The Legislature also can amend the proposal with a three-fourths vote.
The group also suggested that commercial grow operations would transform rural areas, encourage more organized crime and put the health of kids in danger as edible marijuana products — which look like candy — are introduced.
"We put all of our energy and resources into educating voters so hopefully we wouldn't have to be at this place," Greenlee said. "But, we are are going to look at it full steam and full speed ahead at this point and explore every option from a legal, policy and practical standpoint."
Even as early returns suggested the measure would pass, the group said on Tuesday the new state law was out of step with federal rules, which also have faced public pressure.
Under President Barack Obama, federal prosecutors were urged to adopt a hands-off approach to state-legal pot. That was rescinded, however, under the Trump administration, which has taken a harder stand on prosecuting marijuana cases.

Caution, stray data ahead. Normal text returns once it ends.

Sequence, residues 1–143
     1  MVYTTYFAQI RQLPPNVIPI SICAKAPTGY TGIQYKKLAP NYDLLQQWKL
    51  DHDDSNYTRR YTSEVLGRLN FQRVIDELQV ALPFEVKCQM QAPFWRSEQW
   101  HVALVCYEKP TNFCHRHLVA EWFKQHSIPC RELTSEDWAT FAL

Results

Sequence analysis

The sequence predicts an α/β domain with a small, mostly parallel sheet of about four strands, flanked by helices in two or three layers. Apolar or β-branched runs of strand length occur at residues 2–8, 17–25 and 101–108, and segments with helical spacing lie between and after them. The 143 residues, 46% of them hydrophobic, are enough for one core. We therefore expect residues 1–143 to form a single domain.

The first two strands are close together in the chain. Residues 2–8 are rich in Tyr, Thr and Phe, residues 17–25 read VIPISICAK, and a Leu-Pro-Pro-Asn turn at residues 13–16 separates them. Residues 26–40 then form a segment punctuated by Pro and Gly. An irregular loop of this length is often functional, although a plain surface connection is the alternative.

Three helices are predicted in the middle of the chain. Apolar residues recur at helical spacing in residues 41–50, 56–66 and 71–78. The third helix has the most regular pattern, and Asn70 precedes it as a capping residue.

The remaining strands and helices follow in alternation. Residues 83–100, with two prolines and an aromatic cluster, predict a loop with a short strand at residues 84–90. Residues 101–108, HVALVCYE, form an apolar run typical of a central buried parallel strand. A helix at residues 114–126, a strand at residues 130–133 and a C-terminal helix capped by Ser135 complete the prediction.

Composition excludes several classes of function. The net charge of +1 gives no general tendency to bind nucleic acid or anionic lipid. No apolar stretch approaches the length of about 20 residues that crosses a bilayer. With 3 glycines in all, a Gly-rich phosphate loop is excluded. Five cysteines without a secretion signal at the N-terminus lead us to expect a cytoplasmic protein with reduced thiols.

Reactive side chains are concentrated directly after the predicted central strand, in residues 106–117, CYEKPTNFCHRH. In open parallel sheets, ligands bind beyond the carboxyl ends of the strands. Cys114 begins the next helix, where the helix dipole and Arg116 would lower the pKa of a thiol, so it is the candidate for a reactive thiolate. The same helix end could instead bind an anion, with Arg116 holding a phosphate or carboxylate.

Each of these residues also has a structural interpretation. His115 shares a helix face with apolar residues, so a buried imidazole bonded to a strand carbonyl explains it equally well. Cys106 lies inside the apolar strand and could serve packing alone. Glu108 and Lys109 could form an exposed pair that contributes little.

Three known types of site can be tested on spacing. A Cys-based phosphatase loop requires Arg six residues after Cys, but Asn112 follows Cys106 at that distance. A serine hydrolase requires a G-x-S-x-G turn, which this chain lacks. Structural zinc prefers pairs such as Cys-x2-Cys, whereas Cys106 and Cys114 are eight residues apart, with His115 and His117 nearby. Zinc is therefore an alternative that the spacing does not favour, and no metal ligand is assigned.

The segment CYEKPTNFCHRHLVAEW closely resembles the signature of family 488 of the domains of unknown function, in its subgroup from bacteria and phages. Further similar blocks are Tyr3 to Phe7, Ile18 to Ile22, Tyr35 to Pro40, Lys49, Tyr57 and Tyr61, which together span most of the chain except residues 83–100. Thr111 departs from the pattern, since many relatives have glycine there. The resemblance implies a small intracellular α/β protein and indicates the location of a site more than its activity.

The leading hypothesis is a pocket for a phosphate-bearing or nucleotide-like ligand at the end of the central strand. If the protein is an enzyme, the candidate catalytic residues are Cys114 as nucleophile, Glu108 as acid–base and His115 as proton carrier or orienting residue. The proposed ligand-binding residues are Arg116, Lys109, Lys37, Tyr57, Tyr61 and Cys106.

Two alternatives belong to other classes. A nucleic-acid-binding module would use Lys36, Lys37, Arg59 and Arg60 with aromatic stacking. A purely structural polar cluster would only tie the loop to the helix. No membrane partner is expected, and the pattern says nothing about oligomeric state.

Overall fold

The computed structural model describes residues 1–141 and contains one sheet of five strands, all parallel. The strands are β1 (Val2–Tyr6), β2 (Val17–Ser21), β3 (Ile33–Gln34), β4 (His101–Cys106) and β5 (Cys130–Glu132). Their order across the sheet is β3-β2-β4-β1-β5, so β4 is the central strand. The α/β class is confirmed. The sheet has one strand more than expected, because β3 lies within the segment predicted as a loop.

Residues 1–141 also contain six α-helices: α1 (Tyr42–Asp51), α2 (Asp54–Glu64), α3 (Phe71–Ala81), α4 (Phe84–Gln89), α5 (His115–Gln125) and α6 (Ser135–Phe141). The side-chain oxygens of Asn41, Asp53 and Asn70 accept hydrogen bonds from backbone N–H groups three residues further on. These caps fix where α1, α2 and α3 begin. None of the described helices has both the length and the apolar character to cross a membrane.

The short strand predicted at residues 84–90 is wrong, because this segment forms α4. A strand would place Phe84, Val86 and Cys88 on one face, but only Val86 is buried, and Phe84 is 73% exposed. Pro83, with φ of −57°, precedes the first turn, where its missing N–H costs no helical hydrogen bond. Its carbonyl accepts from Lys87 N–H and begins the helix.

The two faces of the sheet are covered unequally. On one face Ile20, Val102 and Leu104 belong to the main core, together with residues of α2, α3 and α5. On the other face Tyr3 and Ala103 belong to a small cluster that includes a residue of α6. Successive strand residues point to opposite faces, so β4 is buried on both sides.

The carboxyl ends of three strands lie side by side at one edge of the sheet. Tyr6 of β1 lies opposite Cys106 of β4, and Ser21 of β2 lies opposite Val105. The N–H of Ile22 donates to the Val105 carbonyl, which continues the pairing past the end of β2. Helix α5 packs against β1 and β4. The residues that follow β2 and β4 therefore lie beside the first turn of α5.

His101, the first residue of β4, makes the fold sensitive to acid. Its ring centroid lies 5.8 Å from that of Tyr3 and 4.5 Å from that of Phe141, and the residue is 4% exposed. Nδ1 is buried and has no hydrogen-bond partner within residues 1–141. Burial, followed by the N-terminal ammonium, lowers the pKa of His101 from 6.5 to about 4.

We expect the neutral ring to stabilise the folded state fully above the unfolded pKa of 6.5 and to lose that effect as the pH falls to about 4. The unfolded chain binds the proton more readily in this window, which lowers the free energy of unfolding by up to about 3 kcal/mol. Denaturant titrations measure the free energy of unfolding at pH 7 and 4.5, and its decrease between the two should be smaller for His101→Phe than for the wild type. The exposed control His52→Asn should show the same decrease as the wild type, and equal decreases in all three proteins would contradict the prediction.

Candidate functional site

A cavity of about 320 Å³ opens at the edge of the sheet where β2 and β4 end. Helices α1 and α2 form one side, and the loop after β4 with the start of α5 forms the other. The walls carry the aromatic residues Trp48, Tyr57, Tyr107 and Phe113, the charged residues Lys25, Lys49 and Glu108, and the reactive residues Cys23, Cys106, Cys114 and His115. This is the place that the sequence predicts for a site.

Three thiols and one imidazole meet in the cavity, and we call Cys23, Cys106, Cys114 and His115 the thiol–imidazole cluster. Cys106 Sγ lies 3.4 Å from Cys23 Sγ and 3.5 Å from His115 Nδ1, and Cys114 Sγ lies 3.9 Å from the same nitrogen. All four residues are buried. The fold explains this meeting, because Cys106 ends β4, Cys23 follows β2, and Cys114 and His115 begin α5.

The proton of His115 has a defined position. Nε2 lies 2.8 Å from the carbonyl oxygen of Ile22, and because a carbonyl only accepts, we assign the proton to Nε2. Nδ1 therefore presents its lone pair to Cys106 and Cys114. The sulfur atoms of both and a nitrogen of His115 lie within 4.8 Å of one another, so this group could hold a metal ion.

Kevin Sabet, a former White House drug control policy adviser and president of Smart Approaches to Marijuana, said Tuesday's election was the "beginning of the war" and emphasized that groups would continue to resist the law.
"I am as confident as I've been in any state that the majority of Michigan communities will reject pot shops at the local level," Sabet said. "Whether we are talking about this at the legal level or local level, we aren't leaving the state."
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Where pot is now legal
In addition to Michigan, states that have legalized pot for recreational use: California, Oregon, Washington, Alaska, Colorado, Nevada, Massachusetts, Vermont, Maine and Washington, D.C. In addition, 32 states, including Michigan, now allow marijuana for medical use.